Steve Singh, CEO of Concur, Joins Voyager Capital Advisory Board

[Corrected 1/27/10, 3:00 pm (see below).] Seattle-based venture firm Voyager Capital has added a heavy hitter from the local tech scene to its advisory board. He is Steve Singh, chairman and chief executive of Concur Technologies, the Redmond, WA-based software firm focused on corporate travel and expense management.

It’s another step in Voyager’s recent efforts to bring more talent and expertise to its core investment areas of software, mobile, and digital media. “One thing we were targeting was an executive who had built a successful company and had deep insights into the [software as a service] market, and software in general,” says Bill McAleer, co-founder and managing director of Voyager Capital.

Singh, an electrical engineer by training, has been CEO of Concur (NASDAQ: CNQR) since 1996. He was an original investor in the company, which was founded in 1993, and has built it up from what he calls a “garage startup” into a software giant with some 10,000 corporate customers and $247.6 million in revenue ($25.7 million profit) in fiscal year 2009. Concur acquired Voyager-backed startup Captura in 2002, which is how Singh and McAleer originally got to know each other. [An earlier version of this story said that Singh co-founded Concur; it was actually co-founded by Raj Singh and Mike Hilton. We regret the error—Eds.]

Singh’s role at Voyager will include advising the firm on its portfolio companies and future investments. McAleer says he hopes to make use of Singh’s knowledge and experience in “building a company over an extended period of time, through up and down economies, and up and down sector changes.” Singh, for his part, says he looks forward to “adding some value for apartment-based entrepreneurs” on topics like “how do you build great teams.” He also looks forward to seeing how he might apply lessons from the startup community to his own customer needs at Concur.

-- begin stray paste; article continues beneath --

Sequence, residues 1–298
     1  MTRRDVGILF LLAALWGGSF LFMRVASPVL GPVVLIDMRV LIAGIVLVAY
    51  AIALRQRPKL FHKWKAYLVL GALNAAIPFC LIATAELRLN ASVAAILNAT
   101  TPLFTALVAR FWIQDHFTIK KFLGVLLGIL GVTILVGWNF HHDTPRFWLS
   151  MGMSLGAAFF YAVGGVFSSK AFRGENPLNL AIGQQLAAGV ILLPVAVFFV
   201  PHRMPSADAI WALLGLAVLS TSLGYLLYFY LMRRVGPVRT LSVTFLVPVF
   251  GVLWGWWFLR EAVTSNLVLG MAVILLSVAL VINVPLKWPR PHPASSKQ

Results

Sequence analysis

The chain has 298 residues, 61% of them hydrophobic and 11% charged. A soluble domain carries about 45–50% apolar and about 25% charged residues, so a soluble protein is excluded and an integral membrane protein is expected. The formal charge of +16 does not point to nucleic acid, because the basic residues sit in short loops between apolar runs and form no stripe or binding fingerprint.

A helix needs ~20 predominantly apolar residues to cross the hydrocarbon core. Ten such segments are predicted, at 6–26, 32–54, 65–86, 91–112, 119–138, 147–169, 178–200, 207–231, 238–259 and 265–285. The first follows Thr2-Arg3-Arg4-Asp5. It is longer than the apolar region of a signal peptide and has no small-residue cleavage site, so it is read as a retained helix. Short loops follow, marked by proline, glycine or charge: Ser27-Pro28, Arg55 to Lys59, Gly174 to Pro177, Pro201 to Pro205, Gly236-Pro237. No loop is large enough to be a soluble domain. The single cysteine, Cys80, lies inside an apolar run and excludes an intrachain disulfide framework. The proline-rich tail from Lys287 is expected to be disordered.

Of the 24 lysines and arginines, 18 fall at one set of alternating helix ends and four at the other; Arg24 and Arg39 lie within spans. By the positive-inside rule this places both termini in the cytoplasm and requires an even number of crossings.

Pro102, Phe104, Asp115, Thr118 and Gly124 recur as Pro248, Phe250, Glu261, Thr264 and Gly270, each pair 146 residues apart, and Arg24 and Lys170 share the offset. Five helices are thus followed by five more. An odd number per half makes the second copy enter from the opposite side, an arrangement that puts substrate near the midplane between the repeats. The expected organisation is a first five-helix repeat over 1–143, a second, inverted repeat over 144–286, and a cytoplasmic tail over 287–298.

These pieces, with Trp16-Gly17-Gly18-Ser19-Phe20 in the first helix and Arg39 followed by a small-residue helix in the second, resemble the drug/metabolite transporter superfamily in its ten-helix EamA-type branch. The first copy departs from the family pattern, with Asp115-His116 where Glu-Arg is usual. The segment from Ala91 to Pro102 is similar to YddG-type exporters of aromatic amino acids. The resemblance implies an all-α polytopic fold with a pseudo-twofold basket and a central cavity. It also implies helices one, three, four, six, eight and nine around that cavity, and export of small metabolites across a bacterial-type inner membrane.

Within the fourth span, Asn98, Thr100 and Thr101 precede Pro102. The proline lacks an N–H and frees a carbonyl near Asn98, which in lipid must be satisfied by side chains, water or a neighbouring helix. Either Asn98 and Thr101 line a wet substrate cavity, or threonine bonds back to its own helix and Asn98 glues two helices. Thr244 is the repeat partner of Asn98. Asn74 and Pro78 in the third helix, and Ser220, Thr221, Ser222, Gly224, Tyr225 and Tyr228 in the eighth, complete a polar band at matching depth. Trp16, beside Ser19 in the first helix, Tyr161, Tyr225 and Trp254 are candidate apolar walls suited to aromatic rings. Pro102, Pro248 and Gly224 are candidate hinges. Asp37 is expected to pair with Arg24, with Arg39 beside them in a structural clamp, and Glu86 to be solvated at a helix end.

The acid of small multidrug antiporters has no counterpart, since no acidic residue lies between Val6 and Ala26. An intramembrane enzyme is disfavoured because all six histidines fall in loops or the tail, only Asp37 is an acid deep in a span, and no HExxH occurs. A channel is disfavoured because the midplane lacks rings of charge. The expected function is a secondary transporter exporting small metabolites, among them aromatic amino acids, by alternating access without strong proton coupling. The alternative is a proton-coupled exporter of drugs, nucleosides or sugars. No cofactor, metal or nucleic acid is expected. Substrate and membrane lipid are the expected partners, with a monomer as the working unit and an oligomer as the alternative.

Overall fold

He seems particularly jazzed about mobile opportunities—in areas like wireless applications, digital payment, and voice interfaces. I asked what he thinks startups should do to better navigate the increasingly crowded mobile field and avoid getting swept aside by giants like Apple, Amazon, and Google. “Amazon and Apple are platforms, on which great companies can be built,” Singh says. “Look at them as infrastructure. The investments that Voyager and others make are around business opportunities that will sit on top of that infrastructure.”

It’s interesting to note the reach and connections of Voyager’s extended family. Its advisory board includes tech-world luminaries Frank Gill, Jeremy Jaech, Ed Lazowska, and Bruce Chizen (the former Adobe CEO who joined Voyager as a venture partner last September). And Sterling Wilson, the CEO of Voyager-backed mobile startup Ground Truth (which just came out of stealth this week), worked at Concur for six years in the 1990s in executive roles including chief financial officer.

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